Cost-Utility Analysis in Depression: The McSad Utility Measure for Depression Health States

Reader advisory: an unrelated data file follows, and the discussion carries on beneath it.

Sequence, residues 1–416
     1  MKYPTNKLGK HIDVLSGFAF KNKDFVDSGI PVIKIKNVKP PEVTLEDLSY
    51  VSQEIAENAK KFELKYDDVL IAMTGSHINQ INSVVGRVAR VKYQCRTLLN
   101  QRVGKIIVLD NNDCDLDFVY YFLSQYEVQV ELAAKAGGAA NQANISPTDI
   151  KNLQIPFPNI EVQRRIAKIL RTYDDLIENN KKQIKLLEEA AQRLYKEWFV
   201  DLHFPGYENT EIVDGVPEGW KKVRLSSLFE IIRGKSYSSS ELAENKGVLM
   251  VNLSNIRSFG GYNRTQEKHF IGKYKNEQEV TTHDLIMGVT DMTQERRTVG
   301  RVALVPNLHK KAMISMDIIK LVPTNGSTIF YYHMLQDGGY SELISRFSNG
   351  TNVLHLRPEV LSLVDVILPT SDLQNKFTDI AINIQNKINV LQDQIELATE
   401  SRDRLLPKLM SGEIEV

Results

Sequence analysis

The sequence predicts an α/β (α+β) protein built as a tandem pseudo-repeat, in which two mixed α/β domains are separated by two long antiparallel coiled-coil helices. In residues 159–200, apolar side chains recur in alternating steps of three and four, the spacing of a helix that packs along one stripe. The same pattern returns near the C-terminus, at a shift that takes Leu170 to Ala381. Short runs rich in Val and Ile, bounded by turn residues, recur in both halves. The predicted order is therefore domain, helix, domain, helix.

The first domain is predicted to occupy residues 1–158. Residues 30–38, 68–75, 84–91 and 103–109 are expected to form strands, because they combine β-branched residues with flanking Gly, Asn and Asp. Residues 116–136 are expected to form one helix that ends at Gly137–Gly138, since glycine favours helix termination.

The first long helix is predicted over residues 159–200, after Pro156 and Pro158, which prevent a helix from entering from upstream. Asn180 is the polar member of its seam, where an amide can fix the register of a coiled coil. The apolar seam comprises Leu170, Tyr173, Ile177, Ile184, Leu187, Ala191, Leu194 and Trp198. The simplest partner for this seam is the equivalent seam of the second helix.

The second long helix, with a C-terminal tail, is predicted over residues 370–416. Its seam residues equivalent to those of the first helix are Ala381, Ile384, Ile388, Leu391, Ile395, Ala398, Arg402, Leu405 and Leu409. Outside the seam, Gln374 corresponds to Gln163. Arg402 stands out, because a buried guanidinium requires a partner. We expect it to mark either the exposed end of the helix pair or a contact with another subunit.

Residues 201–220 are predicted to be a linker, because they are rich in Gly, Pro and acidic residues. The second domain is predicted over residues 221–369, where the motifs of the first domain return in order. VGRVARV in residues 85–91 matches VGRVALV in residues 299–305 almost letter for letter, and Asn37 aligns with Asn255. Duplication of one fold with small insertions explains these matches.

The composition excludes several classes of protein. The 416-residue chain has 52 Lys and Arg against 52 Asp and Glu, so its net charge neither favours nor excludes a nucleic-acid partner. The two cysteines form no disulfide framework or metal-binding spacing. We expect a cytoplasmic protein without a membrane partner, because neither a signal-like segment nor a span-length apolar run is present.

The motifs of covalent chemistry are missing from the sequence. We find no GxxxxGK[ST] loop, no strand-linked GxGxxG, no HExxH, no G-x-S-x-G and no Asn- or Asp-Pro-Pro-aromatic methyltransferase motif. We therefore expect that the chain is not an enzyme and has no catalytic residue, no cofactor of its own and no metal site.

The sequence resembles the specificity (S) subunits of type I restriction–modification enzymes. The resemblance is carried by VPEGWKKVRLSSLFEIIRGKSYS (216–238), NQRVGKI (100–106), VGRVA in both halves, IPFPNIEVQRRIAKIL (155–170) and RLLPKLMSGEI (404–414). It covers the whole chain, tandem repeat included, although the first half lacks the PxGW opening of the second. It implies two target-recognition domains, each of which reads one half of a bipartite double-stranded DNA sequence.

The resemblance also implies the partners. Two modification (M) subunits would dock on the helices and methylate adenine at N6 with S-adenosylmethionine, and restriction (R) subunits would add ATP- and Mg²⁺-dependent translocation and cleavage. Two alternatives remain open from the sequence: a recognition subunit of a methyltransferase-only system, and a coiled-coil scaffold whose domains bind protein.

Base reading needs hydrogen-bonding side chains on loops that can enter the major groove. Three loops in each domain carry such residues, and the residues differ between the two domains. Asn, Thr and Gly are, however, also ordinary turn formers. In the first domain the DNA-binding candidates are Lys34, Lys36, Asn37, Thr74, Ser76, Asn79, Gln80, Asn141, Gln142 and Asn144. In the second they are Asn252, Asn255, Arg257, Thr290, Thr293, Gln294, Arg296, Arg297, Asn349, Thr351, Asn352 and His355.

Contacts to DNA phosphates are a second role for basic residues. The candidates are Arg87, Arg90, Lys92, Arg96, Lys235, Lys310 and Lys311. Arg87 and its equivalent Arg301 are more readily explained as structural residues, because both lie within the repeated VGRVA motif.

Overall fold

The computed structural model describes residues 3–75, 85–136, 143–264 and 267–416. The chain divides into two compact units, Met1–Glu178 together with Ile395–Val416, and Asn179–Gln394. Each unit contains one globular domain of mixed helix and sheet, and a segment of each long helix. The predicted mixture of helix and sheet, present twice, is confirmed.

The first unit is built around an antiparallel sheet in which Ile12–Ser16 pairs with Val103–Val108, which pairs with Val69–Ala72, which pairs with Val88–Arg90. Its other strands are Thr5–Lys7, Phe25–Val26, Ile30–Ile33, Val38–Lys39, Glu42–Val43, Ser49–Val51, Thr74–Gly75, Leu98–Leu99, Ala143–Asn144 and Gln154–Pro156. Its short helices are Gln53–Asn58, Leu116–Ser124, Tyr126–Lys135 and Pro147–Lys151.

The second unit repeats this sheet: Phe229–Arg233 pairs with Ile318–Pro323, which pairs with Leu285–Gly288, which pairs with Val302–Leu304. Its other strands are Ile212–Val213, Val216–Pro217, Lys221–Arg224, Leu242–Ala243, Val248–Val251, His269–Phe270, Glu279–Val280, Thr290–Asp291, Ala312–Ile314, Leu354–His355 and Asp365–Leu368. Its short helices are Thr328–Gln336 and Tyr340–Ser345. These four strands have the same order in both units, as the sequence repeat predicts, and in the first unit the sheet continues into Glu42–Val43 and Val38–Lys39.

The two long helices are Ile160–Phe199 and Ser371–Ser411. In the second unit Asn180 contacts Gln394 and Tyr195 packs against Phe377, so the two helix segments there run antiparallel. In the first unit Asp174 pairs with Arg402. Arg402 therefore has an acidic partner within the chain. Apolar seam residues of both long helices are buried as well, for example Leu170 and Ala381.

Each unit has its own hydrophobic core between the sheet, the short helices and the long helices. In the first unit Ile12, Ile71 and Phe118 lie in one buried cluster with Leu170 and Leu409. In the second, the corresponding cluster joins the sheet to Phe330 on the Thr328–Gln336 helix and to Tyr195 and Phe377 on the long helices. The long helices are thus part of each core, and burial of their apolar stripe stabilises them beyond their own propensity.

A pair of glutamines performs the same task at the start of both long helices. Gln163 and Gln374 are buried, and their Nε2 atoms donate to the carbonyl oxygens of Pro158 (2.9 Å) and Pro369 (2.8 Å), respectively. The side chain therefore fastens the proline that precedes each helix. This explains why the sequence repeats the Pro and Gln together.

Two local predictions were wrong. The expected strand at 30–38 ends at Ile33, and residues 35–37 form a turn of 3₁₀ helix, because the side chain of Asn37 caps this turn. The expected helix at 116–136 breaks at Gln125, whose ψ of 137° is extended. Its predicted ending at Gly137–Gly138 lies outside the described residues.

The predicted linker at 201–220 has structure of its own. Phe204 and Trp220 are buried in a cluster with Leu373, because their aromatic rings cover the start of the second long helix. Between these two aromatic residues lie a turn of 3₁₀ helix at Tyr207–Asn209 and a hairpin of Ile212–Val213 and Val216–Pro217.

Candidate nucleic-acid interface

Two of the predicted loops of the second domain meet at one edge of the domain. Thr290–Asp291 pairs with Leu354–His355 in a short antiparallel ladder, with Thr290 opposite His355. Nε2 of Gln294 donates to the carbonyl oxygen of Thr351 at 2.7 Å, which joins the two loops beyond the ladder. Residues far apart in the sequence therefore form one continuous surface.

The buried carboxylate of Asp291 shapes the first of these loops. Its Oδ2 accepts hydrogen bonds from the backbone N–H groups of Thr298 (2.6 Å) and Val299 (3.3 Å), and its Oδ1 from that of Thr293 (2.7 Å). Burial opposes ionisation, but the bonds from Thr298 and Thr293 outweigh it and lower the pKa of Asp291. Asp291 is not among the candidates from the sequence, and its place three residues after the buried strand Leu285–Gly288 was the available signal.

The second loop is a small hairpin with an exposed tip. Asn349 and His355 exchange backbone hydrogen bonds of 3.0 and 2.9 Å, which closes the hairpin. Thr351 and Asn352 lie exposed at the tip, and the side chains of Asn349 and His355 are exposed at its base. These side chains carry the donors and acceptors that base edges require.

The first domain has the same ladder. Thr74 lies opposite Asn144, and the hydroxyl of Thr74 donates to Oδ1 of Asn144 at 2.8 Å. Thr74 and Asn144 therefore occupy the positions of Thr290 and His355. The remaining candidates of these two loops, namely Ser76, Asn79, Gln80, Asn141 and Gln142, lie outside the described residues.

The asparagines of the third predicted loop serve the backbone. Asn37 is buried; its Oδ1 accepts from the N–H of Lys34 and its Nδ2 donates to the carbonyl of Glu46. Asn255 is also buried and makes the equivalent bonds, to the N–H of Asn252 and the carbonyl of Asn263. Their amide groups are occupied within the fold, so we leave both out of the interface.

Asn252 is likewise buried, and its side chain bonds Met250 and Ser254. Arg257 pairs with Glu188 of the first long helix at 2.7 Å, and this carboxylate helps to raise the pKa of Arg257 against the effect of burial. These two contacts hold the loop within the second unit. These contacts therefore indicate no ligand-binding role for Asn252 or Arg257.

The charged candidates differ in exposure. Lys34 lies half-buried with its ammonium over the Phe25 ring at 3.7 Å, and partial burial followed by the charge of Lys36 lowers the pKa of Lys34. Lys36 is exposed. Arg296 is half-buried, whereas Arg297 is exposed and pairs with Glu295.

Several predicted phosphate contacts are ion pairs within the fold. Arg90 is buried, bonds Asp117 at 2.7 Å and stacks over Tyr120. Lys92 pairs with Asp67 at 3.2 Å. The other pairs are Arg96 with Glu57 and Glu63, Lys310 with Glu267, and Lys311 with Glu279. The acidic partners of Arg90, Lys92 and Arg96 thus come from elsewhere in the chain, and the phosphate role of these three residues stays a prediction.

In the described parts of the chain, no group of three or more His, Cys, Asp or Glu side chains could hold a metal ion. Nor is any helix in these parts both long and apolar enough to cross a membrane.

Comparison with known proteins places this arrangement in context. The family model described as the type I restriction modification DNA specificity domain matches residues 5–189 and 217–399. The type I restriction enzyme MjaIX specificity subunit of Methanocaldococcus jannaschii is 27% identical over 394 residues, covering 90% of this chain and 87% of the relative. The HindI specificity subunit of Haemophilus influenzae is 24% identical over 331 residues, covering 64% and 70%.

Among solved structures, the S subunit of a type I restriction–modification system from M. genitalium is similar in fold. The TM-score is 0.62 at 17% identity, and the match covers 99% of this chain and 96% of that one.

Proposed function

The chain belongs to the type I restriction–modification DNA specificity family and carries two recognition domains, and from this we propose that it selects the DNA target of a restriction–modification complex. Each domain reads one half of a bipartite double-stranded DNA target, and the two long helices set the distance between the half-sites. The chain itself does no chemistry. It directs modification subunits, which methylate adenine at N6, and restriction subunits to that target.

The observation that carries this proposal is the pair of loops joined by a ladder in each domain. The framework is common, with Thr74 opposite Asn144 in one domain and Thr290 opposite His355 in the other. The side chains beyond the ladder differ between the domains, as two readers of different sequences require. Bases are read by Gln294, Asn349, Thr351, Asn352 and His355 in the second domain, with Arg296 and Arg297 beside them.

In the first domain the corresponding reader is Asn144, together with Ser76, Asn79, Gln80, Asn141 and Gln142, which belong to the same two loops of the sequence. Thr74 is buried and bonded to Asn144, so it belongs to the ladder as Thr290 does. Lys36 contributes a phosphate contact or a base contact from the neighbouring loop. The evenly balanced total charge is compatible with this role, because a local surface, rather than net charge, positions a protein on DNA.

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Cost-utility analysis, used increasingly over the past decade to analyze costs and effects in treating physical diseases, has received little attention in psychiatry. This article briefly introduces the concepts and methods of utility measurement and illustrates it using depression as an example. The authors describe the McSad health state classification system for depression, a direct utility measure for depression, and report results of an application of McSad among 105 patients who had a recent history of depression. Utility measures express patient preferences for specific health states on a scale ranging from 0, representing death, to 1, representing perfect health. These scores provide the weights used to calculate the number of quality-adjusted life-years gained by an intervention or service. McSad allows a patient's depression health state to be classified according to level of functioning in six dimensions of depression and to be compared with other hypothetical depression health states in order to produce utility scores indicating the patient's relative preferences.
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